The adoption of the recommendation of the representative leaders from both sections for a state superintendent of common schools failed, but the office was vested ex-officio in that of the Secretary of State. This was probably patterned after the Pennsylvania type.30

However, the resolutions, recommendations and petitions for a separate state superintendent came almost exclusively from the newer counties of the northern and western sections which were settled by New Englanders and easterners.31

The growth of the question of taxation is illustrative of the attitude of northern and southern Illinois toward free schools. The legislature, besides granting the right of taxation for school purposes in a few city charters, passed a general law in 1845 which allowed communities to levy a property tax by a two-thirds majority vote for school purposes. The taxing clause was changed in 1848 to a majority vote.

The first report, issued in 1849, which dealt with an ad valorem property tax for schools, showed that $29,947.46 was voluntarily levied by the people. Thirty of the counties levying such tax were in the northern part of the State, while six were in the southern part. In 1852, $51,101.14 were likewise voluntarily levied by forty-three counties, thirty-six of which were northern and seven southern. Of the twenty-six coun

30 Assembly Reports, 1844, p. 103. $1 Assembly Reports, 1846, 1849, 1851, 1853, Jr. Const. Con., 1847.

ties that did not levy a tax, eighteen were southern and eight northern counties.32

In the senate, the free school bill of 1855 passed by a vote of 20 to 3, and in the house, 47 to 14. An analysis of the vote relative to the section from which the representatives came shows that most of the opposition was in the southern tier of counties stretching to the east and southeast of St. Louis across the State.

Therefore, it is evident that the opposition to the idea of free education came from the old southern portion of the State. This probably was not due to the fact that these people were southern in origin for such leaders as Coles, Duncan and Edwards, always champions of free schools, migrated to Illinois from the South; but rather the opposition finds its explanation in the fact that the southern districts were economically much less able to support free schools than the fertile and commercial northern sections.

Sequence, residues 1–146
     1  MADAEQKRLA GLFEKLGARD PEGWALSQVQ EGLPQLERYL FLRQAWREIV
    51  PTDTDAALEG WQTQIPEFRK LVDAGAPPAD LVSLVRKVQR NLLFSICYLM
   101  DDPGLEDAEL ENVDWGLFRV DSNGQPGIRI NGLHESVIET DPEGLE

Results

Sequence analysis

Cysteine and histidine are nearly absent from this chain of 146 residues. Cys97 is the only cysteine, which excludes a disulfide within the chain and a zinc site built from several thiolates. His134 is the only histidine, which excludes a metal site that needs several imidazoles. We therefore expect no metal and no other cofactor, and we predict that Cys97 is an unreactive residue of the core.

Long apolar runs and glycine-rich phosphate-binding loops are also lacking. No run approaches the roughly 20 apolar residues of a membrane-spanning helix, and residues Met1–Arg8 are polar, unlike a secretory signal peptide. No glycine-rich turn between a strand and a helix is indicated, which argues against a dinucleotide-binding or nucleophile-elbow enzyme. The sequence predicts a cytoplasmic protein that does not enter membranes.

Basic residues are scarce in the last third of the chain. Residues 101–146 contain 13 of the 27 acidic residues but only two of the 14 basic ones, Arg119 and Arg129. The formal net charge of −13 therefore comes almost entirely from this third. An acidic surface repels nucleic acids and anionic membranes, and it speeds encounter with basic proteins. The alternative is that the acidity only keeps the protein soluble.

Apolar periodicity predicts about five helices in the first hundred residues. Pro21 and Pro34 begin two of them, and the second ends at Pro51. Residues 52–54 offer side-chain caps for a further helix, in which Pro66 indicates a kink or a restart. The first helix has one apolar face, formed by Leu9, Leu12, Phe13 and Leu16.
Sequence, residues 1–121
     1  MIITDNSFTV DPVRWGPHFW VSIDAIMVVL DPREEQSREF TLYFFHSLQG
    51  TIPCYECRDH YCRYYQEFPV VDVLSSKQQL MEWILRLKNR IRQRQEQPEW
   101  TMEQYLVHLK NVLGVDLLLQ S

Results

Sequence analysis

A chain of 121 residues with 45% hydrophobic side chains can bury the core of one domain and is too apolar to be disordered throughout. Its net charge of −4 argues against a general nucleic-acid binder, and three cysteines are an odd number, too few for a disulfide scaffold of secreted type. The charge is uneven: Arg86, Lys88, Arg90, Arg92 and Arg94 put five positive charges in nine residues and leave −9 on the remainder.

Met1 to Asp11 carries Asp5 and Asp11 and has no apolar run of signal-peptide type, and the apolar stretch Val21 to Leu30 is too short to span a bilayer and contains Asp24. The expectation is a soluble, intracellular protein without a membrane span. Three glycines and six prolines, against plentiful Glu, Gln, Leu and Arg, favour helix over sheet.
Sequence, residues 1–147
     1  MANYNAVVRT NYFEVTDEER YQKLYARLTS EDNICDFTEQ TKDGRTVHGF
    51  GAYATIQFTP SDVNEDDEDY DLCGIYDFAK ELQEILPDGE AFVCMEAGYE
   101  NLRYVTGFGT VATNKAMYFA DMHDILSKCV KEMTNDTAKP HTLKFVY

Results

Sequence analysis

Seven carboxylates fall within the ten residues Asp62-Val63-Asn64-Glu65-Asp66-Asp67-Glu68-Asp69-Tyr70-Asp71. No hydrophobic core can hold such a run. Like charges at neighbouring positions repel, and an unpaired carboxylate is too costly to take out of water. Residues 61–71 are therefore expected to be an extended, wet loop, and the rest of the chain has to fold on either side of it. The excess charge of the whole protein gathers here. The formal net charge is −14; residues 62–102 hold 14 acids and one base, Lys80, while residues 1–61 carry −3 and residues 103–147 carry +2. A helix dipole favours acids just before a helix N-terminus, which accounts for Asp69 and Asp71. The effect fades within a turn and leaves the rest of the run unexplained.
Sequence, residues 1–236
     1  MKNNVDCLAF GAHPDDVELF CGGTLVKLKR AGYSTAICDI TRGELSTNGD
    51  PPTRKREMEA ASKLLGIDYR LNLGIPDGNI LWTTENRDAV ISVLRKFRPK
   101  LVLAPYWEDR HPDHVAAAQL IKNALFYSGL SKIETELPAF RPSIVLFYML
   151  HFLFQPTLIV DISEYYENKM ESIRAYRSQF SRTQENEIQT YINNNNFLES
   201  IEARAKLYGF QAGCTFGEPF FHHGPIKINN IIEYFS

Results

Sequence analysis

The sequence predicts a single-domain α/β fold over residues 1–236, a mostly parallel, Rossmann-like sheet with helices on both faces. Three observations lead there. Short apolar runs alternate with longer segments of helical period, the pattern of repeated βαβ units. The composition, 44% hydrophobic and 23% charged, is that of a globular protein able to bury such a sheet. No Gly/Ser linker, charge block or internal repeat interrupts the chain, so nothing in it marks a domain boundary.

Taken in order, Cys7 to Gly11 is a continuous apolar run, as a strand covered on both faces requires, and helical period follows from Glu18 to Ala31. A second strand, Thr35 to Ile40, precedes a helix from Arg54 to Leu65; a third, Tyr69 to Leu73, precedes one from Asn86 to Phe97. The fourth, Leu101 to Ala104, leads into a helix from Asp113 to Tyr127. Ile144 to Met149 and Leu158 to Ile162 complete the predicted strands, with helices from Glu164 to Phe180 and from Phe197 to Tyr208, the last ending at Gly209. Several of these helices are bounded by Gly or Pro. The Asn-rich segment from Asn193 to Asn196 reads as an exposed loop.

Before discussing the beginnings and characteristics of the high school, a summary of the free school law of 1855 follows. The constitutional convention of 1847 accepted the first reading of a bill which provided for a free system of public schools, and a state superintendent to give the proposal effect, but the convention omitted all mention of free schools in the final draft of the constitution. However, the leaders, associations and editors continued to agitate the same question until the legislature authorized the separation of the Department of State and the schools. It also authorized the appointment of a state superintendent and required that he prepare a bill for the reorganization of a school system, which bill was adopted in 1855. A state tax of two mills was levied on every dollar of property and the income added to the annual distribution of the common school fund; a local tax was levied by the trustees of both township and district to help maintain at least one free school in every district for six months in the year. The state common school fund was distributed in such a manner that two-thirds was given to the county on the basis of the number of white children between the ages of five and twenty-one years, and the remaining one-third on the basis of the number of townships,

32 Assembly Reports, 1849, p. 116; 1853, p. 149.